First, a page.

The Paper Beat A Subscriber Goal, Bought Wordle, And Lost A Star Writer

When it comes to the fortunes of The New York Times, this week gave media observers plenty of headlines to digest — including the Gray Lady’s surprise announcement Wednesday that it’s now surpassed 10 million paid subscribers. For those keeping score, that’s several years in advance of the 2025 target the newspaper was originally aiming for.

Reaching that goal well ahead of time was made possible, in a big way, by the newspaper company’s $550 million deal for the subscription-based sports news site The Athletic. That deal was wrapped up this week, and it adds 1.2 million subscribers to the Times’ rolls. Importantly, this news once again solidifies the Times’ reputation as the leading subscription news company internationally.

New York Times Co. CEO Meredith Kopit Levien spent a chunk of the company’s quarterly earnings presentation to analysts on Wednesday diving into The Athletic acquisition, which was announced last month. On paper, at least, the massively unprofitable sports news site might have looked like an odd buy for a debt-free, cash-rich entity like The Times.

Explained Kopit Levien during the presentation, however: “Our research indicates that about 25 million adults in the U.S. alone are either paying — or willing to pay — for sports information.” And that fits in nicely with the company’s now even more aggressive push to go after still more paying subscribers.

Having reached 10 million ahead of time, the Times adjusted its ambition upwards, and is now aiming for at least 15 million subscribers by the end of 2027.

Bringing The Athletic under the NYT umbrella — plus everybody’s favorite Twitter game right now, the seriously addictive Wordle — is one piece of that puzzle. But it’s not the whole thing. Because these acquisitions also open up all kinds of bundle combinations, built around games, cooking, sports and the like. In order to, in the words of Kopit Levien, craft for subscribers “an even more compelling value proposition.”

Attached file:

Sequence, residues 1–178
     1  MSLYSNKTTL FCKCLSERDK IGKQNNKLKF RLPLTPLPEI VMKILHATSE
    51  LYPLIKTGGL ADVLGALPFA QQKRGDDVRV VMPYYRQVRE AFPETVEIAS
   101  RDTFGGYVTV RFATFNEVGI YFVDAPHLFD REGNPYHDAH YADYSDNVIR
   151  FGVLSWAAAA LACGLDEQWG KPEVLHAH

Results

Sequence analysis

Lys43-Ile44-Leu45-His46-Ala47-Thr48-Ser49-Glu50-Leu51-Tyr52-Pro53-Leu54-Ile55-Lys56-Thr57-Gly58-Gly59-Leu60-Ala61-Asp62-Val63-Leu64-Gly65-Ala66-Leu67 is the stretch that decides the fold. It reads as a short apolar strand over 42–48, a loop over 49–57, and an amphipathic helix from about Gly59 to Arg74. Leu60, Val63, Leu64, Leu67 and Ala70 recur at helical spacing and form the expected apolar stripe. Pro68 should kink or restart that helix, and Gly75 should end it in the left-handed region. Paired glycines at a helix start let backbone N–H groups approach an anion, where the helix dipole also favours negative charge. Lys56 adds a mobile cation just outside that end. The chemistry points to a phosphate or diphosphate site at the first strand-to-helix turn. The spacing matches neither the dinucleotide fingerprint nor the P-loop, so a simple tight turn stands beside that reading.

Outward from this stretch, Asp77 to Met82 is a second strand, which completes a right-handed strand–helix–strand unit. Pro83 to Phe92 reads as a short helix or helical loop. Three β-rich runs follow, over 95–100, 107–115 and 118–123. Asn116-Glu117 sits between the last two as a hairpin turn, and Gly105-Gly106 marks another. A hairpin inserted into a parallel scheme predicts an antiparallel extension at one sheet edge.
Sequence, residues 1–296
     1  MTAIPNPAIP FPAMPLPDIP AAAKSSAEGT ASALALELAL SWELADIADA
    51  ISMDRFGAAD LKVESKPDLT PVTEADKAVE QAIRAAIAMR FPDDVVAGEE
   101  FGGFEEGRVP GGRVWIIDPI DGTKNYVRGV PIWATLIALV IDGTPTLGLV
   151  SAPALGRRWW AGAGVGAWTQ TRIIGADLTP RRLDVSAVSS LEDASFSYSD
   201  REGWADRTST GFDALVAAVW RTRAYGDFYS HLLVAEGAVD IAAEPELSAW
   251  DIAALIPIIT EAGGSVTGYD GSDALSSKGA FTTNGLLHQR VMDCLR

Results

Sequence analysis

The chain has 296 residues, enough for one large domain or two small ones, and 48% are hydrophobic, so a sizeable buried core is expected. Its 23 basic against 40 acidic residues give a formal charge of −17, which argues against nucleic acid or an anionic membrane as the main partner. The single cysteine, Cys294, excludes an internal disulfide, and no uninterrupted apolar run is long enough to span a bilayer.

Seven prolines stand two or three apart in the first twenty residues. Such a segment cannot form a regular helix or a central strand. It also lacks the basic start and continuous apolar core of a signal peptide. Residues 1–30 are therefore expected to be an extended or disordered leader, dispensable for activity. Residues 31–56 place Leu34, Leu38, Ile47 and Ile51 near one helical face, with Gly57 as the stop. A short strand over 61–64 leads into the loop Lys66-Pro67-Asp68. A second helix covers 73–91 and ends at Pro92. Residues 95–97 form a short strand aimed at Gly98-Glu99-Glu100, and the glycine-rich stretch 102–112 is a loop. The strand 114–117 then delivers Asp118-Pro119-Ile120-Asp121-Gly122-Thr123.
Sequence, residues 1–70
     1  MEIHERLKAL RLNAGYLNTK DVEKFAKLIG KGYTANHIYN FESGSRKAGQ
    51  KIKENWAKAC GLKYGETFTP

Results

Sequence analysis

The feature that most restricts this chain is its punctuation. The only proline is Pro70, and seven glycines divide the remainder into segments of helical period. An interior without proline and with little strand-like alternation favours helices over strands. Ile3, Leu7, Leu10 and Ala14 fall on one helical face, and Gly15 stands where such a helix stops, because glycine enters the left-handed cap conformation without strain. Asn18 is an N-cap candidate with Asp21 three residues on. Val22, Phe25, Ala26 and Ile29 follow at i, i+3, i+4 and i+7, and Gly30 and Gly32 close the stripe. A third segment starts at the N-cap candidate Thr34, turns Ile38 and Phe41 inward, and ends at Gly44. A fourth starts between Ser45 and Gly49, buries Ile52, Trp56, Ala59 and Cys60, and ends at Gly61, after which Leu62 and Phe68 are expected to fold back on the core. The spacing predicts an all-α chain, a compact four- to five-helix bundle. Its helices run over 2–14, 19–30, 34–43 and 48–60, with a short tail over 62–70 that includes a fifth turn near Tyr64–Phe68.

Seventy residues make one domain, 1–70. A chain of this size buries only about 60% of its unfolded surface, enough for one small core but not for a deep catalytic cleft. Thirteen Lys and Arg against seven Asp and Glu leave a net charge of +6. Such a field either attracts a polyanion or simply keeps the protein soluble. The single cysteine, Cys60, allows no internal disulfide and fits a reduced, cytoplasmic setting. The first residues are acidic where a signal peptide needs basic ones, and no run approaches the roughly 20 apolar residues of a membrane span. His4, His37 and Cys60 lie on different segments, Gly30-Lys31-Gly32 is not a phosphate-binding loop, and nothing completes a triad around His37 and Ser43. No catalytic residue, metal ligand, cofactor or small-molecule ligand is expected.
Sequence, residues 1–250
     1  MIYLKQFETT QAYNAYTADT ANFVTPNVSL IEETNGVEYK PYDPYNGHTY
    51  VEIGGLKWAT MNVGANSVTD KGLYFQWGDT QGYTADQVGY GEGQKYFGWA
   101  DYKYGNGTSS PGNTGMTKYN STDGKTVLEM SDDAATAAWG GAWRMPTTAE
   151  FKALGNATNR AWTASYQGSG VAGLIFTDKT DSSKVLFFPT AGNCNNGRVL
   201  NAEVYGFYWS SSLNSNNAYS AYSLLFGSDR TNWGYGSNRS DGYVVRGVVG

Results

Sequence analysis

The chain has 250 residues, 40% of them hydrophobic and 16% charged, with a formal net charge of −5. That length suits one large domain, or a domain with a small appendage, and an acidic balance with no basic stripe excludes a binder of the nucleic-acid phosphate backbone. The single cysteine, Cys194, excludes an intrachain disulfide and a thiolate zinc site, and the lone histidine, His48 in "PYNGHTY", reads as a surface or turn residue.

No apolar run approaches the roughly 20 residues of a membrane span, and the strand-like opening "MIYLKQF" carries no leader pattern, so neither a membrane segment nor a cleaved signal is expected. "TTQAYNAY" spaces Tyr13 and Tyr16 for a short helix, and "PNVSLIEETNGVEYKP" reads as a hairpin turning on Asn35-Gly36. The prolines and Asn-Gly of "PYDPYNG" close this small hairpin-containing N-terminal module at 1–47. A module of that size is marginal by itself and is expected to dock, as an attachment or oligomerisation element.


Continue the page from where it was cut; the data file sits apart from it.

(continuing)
Indeed, those pieces of the Times’ operation now (outside of the core newspaper and digital news offering) are for many people the front door to the whole enterprise. Similar to how, for some measure of the listening audience, to followers of the Times’ The Daily podcast? The Daily is, for all practical purposes, the Times.

We see some of this same kind of thing in the company’s latest quarterly numbers. For the just-ended quarter, the Times said it added 375,000 digital subscriptions, including 171,000 to the core news product. Some 204,000 subscriptions were for other digital offerings like Games, the Times’ recipe app, and the company’s product-recommendation site Wirecutter.

Based on subscriber numbers current through the last week of December, subscriptions to the print newspaper are very much the tail on the dog here. Overall, the company reported almost 8.8 million subscriptions — almost 5.9 million of which were for digital news, with 2 million for other digital products. Leaving a little under 800,000 for the print newspaper.

Another important fact about the company’s business to keep in mind: There’s not a 1:1 relationship between subscribers and subscriptions. At year-end 2021, 7.6 million NYT subscribers were paying for just over 8 million subscriptions.

Meanwhile, other notable Times highlights from the week:

  • Wordle’s millions of users can take comfort in the fact that the game will still be free to play for the time being. Once it migrates to the Times’ website, it will still be free to play for new and existing players — though the assumption is that reality won’t last. It’s assumed to be destined for the NYT paywall, eventually. Also: While the exact sale price for the deal wasn’t disclosed, it was above $1 million (“in the low seven figures”).
  • The Times’ performance in 2021 showed it weathering the first full year of the Trump era, and the post-Trump bump news landscape, quite nicely. In fact, 2021 was the Times’ first $2 billion+ revenue year in a decade.
  • The Washington Post has also just poached a high-profile Times writer, Taylor Lorenz, who has a massive online following and who writes about technology, culture, and social media. Lorenz, who has more than 503,000 followers on TikTok, is joining the Post as a Features columnist. In an interview with Vanity Fair about the move, Lorenz suggested she felt constrained at the Times — that “There’s not room for the commentary aspect” there, whereas she’ll now have that freedom at the Post. And that she thinks people still “do not understand my beat. They don’t take it seriously.”